Many aspects of the aforementioned in vitro studies and clinical reports [17] are consistent with our data, particularly our finding that decreasing the concentration of lidocaine from 5% to 2% did not prevent the development of TRI. In equipotent anesthetic doses, we observed a 16% incidence of transient radicular symptoms in patients receiving lidocaine spinal anesthesia regardless of the addition of glucose and in concentrations of lidocaine as low as 2%.
The potential interaction between local anesthetics and the type of surgery or surgical positioning is interesting. The original case report of TRI by Schneider et al. [9] described four patients undergoing 5% hyperbaric lidocaine spinal anesthesia while in the lithotomy position. The authors speculated that this position may contribute to TRI by stretching the cauda equina and the sciatic nerve, thus decreasing the vascular supply and increasing the vulnerability to injury. This interaction may be compounded in the lithotomy position, where flattening of the lumbar curvature exposes the sacral fibers to the highest concentration of local anesthetic. This theory may be supported by the higher incidence of TRI we found in patients undergoing arthroscopy (13%) versus those having inguinal hernia repair (5%). In our institution, arthroscopy patients have their nonoperative leg straight at the hip, and flexed 90 degrees at the knee. The operative leg position is varied throughout the surgery to obtain the best views of the knee joint. It is possible that this positioning or manipulation may contribute to neural stretching and the subsequent development of TRI.
Finally, we examined discharge data in an effort to learn whether 2% isobaric lidocaine or 0.75% hyperbaric bupivacaine could be an acceptable alternative to 5% hyperbaric lidocaine with 0.2 mg epinephrine in outpatients undergoing spinal anesthesia for inguinal hernia repair or arthroscopy. Patients receiving 2% isobaric lidocaine had the fastest recovery and discharge times of the groups we studied; however, isobaric lidocaine proved to be a difficult drug to use for inguinal hernia repair, because there were four cases of anesthesia inadequate for incision in this group (20%). It is impossible to determine with certainty whether these cases were due to faulty technique or the inability of the isobaric solution to consistently provide adequate anesthesia to the higher dermatomes needed for hernia repair. [18] .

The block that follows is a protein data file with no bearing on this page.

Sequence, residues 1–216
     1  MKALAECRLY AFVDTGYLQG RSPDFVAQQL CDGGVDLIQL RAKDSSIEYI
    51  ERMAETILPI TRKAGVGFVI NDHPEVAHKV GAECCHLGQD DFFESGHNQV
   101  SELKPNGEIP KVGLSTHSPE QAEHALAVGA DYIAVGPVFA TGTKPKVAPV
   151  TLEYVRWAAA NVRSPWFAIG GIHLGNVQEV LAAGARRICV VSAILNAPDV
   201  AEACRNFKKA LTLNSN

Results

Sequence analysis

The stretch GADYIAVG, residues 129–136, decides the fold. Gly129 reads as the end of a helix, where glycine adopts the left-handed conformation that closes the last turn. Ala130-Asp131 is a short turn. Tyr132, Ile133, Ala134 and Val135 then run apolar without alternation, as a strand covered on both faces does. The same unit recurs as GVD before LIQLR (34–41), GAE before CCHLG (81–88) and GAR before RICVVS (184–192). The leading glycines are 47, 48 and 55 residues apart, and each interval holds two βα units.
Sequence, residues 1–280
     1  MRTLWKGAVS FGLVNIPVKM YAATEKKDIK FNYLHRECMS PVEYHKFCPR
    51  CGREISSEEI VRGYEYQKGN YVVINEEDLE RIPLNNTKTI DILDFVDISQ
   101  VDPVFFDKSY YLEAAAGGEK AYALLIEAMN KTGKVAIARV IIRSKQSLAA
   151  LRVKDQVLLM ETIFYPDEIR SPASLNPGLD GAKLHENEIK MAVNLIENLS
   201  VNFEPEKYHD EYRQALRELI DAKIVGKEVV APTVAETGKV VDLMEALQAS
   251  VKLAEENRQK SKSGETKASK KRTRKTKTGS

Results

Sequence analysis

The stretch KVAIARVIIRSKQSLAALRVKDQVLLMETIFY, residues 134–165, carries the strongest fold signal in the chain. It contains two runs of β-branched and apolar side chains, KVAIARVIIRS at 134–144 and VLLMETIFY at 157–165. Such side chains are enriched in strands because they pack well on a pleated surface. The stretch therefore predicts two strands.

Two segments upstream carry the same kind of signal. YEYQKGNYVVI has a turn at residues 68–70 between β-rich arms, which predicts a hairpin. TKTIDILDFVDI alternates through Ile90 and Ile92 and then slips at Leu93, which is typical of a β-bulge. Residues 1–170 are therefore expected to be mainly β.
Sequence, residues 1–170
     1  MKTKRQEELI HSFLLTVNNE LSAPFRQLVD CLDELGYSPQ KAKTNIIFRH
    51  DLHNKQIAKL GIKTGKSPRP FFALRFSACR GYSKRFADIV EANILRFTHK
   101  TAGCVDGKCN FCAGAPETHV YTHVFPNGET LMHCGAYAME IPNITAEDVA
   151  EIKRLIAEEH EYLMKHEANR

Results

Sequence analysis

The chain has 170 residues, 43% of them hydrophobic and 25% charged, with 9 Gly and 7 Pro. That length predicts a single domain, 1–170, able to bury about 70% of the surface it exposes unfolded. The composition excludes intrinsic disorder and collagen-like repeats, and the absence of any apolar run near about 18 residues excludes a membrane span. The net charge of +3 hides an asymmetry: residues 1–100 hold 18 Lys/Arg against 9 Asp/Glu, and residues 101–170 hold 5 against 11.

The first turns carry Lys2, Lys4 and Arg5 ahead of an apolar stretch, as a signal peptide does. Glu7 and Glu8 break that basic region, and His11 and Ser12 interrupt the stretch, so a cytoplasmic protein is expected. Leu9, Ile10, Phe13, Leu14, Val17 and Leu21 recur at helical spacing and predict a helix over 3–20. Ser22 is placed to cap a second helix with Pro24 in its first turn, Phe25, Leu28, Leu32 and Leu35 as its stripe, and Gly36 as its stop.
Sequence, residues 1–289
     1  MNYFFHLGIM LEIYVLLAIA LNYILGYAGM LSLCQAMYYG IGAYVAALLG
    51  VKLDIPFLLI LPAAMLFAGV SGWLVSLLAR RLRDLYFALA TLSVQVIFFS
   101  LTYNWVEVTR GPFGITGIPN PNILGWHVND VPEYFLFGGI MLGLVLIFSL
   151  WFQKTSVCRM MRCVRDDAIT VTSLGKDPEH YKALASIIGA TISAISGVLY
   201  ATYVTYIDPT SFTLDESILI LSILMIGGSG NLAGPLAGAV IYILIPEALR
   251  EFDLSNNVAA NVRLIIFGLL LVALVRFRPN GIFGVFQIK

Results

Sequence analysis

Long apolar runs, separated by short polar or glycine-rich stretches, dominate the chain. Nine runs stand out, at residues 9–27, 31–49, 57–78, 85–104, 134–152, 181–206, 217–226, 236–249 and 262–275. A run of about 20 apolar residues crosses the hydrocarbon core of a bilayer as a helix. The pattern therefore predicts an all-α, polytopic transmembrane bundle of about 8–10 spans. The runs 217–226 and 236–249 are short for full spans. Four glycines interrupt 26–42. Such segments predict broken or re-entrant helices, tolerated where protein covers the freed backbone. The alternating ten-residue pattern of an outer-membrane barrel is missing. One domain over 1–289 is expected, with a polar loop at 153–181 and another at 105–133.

It is of clinical interest that our data indicate no statistical significance differences in discharge time of patients receiving 0.75% hyperbaric bupivacaine versus 5% hyperbaric lidocaine with 0.2 mg epinephrine (P = 0.94 for arthroscopy patients, P = 0.30 for herniorrhaphy patients). The duration of 0.75% hyperbaric bupivacaine in outpatients has not been studied in a prospective fashion, although several studies evaluated the effect of bupivacaine dosage on anesthetic duration. [19–22] Because bupivacaine does not appear to prolong time to ready for discharge when compared to 5% hyperbaric lidocaine with 0.2 mg epinephrine, its use may be considered in outpatients undergoing inguinal hernia repair or arthroscopy.
Several limitations to our study design must be recognized. First, 159 patients is a small number for a clinical study. Although it was an appropriate number as determined by power analysis and a number that allowed statistical significance to be achieved, it must be acknowledged as a small sample size. Also, there were not equal numbers of patients in the hernia versus arthroscopy group. During protocol development, we had not anticipated a difference in the incidence of TRI based on surgical procedure or positioning; therefore, no attempt was made to equalize the numbers of patients having the two different types of surgery. Only after the study was completed and the code was broken did we recognize the potential impact of the type of surgical positioning. Additionally, several surgeons participated in this study; therefore, differing surgical techniques cannot be ruled out as a contributing factor in the development of TRI. Finally, three different types of spinal needles were used to perform anesthesia in this study. In keeping with our current clinical practice, to reduce the incidence of postdural puncture headache, patients older than age 65 yr received spinal anesthesia with a beveled needle (Greene or Quincke), and patients younger than age 65 yr received spinal anesthesia with a pencil point needle (Whitacre). And, although there was no correlation with needle type and the development of TRI, it was not a variable that was strictly controlled; therefore needle design also cannot be eliminated as a contributing factor.